Move over, Charles Manson. Step aside, underwear bomber. The most dangerous man in America might not be who you think. The opportunity to discover his identity arrives on Sunday, March 21, when Treasure Valley Community Television and The Flicks will join forces to bring an exclusive showing of 2010 Oscar-nominated documentary The Most Dangerous Man in America: Daniel Ellsberg and The Pentagon Papers. While the title might be cumbersome, the plot is a compelling piece of history that has essentially gone the way of the dinosaur.
Though not serial-killer dangerous, Daniel Ellsberg is the guy who decided that the government shouldn't be able to get away with lying to the public. With the help of his teenage kids, Ellsberg copied and then leaked a 7,000-page secret report, which detailed the United States government's conduct in the Vietnam War and its attempt to conceal said involvement.
Following the one-night-only movie viewing, a panel of local experts, including Todd Shallat from the Center for Idaho History and Politics at Boise State and the Idaho Statesman's Dan Popkey, will lead a discussion of the circumstances surrounding Ellsberg's decision that ended his government career and led to a life of activism.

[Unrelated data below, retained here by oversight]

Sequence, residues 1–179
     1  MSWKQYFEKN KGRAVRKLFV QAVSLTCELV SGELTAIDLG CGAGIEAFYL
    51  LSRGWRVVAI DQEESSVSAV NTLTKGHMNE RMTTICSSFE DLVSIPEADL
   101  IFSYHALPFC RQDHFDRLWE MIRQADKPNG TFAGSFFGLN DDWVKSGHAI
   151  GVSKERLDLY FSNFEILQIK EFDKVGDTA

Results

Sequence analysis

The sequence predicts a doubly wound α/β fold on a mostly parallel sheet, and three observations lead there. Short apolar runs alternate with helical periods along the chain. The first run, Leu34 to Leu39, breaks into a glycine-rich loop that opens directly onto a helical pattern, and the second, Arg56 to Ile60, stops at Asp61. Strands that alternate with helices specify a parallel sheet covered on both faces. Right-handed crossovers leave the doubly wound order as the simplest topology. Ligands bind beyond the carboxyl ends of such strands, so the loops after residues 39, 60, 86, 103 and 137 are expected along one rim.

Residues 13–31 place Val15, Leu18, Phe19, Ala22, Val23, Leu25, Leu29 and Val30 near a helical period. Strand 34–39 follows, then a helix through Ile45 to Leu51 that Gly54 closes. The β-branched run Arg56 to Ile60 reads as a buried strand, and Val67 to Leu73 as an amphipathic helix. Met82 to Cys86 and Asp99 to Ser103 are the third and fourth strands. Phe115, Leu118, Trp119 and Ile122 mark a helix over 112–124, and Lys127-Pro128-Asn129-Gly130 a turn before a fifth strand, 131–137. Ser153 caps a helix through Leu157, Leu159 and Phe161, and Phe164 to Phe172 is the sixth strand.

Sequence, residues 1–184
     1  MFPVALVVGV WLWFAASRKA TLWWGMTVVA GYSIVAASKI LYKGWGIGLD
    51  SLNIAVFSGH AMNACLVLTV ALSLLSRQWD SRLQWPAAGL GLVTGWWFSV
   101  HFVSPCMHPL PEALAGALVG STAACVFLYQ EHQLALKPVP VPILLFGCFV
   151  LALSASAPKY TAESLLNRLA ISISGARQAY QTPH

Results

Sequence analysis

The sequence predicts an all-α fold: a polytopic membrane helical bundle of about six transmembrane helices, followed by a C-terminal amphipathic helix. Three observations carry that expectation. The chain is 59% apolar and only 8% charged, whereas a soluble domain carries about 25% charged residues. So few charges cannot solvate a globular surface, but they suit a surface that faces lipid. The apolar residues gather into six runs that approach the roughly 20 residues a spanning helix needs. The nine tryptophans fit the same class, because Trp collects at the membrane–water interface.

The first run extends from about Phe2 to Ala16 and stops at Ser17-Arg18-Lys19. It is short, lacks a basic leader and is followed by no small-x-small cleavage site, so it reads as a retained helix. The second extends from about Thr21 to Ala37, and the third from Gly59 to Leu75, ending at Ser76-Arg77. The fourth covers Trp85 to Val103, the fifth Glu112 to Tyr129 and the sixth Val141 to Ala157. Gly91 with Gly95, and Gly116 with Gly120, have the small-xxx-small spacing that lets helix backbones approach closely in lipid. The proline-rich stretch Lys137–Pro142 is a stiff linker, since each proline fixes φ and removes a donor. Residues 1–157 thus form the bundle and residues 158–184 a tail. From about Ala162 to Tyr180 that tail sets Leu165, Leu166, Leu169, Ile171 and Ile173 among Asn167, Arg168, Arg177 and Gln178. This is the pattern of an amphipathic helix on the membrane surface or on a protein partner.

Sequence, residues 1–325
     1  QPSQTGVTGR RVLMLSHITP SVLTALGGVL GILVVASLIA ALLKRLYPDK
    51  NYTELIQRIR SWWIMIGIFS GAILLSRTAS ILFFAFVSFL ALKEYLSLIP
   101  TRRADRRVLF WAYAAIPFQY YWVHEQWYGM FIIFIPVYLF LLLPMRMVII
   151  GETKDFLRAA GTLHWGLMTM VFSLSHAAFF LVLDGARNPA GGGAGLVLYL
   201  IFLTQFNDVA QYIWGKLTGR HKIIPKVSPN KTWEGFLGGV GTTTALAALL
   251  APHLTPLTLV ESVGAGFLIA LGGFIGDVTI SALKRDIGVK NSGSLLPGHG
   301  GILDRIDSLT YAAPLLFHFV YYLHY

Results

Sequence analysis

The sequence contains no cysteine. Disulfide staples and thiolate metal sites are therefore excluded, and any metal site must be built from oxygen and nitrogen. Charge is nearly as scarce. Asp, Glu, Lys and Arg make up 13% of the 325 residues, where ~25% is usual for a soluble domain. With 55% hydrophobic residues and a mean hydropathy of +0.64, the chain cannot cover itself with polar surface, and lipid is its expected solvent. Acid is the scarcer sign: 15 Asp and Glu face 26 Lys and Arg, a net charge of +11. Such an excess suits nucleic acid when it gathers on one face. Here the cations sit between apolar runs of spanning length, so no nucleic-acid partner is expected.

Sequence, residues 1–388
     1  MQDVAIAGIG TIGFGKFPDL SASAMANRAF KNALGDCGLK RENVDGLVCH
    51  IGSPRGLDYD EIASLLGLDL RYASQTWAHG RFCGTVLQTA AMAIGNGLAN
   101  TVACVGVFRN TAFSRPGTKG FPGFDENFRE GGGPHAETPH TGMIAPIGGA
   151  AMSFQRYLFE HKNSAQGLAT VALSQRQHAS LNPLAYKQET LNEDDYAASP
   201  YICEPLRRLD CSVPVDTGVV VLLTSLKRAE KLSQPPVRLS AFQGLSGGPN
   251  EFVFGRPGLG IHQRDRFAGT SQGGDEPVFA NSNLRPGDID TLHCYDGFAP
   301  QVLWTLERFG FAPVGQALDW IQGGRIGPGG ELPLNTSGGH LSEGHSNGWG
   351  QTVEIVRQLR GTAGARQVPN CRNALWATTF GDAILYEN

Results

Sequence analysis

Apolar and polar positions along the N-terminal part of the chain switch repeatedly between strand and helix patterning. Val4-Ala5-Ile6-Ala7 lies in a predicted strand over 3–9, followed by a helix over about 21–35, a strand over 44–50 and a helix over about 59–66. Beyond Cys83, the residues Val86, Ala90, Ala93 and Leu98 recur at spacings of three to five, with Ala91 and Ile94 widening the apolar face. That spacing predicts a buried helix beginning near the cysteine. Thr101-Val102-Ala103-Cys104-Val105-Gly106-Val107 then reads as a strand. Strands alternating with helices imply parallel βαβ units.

Carole Skinner from The Flicks speaks to the timeless relevance of the film, advising, "You always have to keep an eye on your government. You can't just blindly trust." Certainly makes one wonder where the modern-day Iraq War whistle-blowers are. Perhaps this documentary will inspire the next most dangerous man in America.
Sunday, March 21, 7:30 p.m., $11, The Flicks, 646 Fulton St., 208-342-4222, theflicksboise.com.